I have come to find out then that it is always a good idea to bring somebody who is handy and good at cooking and preparing food. Din really knew how to put things in. He always came up with an idea or two to make the food even more tasty and delicious than they already are. There was one time when we walked across an abandoned village and found a mango tree which was heavy with fruits and we actually plucked some of them off which he then sliced up into pieces and became part of our lunch. Then there was a wild fruit – a very sour one – which he also plucked off from the tree and made them part of our dinner. They were all so good to come with rice so much so that I couldn’t even stop eating and almost passed out from too much eating.
One of the best parts of the trekking was the night we spent at Kionob. We stayed at a wooden double-storey building which we later found out was once a chapel but has now been abandoned and taken over by Sabah Parks. It is quite well maintained with all basic cooking facilities, complete with shower rooms and a make shift toilet. Apart from a large table and a full set of gongs, the chapel is almost empty now. I was so glad that I had brought with me a sleeping bag to protect myself from the hard wooden floor and the cold night air. I had also brought with me a small bottle of Tequila so we had something to do at least until we were sleepy enough to be able to doze off. Despite the tiredness, I found it quite difficult to put myself to sleep.
One of the most interesting things about the trek is the abandoned villages that we had to walk across while trekking from Tikolod to Kionob and later to Buayan. It really felt strange to be walking past big empty houses and farms and many more signs of human occupation in the past.
I was told that the villagers had to leave because the area was taken over by Sabah Parks and was closed off to any public encroachment (although the guide argued that they were there long before it was declared a protected area) since then. Besides, the area was almost totally out of reach so it was only natural that they all shifted to areas that were closer to modern civilization. There was one old couple – a sister and a brother – who had opted not to move out and they still stayed there. My heart broke when the guide showed to us their place of residence. It was more like a shack – a very run-down one – and it looked to me like it was very much on the verge of collapsing. I took a picture of the house and for a moment I really thought I saw a woman peeking through a hole by the window. Somehow I felt a chill oozing up the back of my neck when I saw her.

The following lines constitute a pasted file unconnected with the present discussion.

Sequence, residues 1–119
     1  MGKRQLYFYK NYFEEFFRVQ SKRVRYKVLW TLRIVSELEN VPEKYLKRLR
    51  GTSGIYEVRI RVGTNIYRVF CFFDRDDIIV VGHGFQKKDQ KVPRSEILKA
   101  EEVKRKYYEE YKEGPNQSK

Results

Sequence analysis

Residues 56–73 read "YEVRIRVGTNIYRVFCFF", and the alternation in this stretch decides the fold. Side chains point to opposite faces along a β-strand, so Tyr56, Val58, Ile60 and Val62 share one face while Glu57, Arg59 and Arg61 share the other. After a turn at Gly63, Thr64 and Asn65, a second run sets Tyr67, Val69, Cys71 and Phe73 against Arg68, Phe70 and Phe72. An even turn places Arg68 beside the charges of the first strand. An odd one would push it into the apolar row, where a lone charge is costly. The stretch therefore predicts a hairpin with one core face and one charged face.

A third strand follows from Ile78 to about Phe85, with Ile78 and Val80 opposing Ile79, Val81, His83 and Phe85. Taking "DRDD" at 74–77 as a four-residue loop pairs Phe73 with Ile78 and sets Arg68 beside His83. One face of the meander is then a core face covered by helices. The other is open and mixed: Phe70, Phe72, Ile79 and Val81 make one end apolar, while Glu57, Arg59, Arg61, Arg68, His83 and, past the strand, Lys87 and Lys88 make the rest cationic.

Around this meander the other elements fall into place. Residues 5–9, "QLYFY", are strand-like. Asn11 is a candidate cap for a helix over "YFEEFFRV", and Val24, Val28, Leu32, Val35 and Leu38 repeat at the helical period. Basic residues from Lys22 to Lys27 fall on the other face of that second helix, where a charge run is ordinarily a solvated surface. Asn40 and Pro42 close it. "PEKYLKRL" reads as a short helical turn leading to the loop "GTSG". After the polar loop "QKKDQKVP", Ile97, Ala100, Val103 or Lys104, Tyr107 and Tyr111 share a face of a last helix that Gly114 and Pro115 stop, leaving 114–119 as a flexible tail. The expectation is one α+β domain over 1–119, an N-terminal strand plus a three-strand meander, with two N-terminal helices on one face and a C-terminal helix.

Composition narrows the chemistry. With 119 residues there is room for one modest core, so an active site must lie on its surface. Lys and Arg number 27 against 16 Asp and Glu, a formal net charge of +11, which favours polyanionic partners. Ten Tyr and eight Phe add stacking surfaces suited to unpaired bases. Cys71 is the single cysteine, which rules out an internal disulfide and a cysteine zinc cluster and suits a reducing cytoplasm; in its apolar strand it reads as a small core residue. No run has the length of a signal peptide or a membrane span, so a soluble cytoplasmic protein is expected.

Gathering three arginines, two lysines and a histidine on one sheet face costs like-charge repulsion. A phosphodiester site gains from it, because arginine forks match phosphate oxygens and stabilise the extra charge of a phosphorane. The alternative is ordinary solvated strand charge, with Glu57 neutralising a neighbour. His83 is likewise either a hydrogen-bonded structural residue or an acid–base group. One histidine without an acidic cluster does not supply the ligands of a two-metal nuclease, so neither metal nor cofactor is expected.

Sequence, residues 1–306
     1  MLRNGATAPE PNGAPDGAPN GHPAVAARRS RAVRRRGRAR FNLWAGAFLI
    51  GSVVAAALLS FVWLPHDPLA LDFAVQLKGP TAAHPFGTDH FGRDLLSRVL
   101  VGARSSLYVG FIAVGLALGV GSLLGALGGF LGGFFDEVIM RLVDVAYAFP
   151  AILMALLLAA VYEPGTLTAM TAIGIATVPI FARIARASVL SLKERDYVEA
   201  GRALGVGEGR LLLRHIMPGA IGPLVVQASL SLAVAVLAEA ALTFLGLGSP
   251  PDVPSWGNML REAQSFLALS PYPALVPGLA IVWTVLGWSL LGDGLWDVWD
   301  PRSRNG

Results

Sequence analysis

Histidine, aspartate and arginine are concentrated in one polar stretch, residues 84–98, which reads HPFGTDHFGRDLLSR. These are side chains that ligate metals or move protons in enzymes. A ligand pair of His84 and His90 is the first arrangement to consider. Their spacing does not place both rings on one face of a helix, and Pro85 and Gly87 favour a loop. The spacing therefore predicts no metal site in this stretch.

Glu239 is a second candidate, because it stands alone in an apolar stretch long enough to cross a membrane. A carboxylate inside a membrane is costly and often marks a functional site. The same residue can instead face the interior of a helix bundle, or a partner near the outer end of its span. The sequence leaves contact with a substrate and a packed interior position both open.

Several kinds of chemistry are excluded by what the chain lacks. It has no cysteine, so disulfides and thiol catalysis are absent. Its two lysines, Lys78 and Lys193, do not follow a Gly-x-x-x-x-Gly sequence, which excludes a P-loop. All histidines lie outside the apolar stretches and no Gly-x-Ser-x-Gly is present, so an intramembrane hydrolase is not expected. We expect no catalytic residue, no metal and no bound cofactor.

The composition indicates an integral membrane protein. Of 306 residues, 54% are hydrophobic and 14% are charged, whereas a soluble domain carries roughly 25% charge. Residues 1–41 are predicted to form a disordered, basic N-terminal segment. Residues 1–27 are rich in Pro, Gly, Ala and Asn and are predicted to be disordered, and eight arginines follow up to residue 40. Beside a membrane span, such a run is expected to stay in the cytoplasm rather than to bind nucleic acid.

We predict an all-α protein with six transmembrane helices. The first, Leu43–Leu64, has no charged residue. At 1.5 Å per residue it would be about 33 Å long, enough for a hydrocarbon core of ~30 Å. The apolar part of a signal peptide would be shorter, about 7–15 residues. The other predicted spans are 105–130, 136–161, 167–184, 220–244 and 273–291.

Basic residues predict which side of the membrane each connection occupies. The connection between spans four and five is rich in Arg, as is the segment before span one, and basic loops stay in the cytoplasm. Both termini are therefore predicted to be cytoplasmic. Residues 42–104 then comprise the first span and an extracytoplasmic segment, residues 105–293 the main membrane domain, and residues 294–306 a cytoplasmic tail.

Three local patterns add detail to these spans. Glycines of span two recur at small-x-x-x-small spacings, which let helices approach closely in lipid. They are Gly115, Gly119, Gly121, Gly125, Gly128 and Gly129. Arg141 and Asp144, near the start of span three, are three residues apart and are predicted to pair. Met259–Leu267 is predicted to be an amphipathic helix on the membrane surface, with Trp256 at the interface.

One of the main challenges while trekking the Salt Trail was the river-crossing that we had to do several times along the way. We were lucky because it didn’t rain so the river-crossing was quite manageable. It was still quite challenging though, especially when I had to protect with all my might the bag from getting wet. I had to put everything digital inside my dry bag just in case and sure enough, I stumbled at one time and drenched myself up. Luckily my camera had remained intact. Phew.
The walk from Kionob to Buayan was easier but it was quite a long way before we arrived at the famous village called Buayan. It really was a beautiful village, perched on a riverbank that plunges deep into the river itself – which is one of the most beautiful rivers that I’ve ever seen in my entire life. Sadly enough though, it is the very river that they are going to block off as part of a very controversial project called Kaiduan Dam. The dam, if proceeding, will submerge the whole area and permanently wipe out all the beauty that we see now. This Kaiduan Dam is one of the very reasons why I decided to do the Salt Trail walk quite sooner instead of later because I wanted to see it all before it was all gone.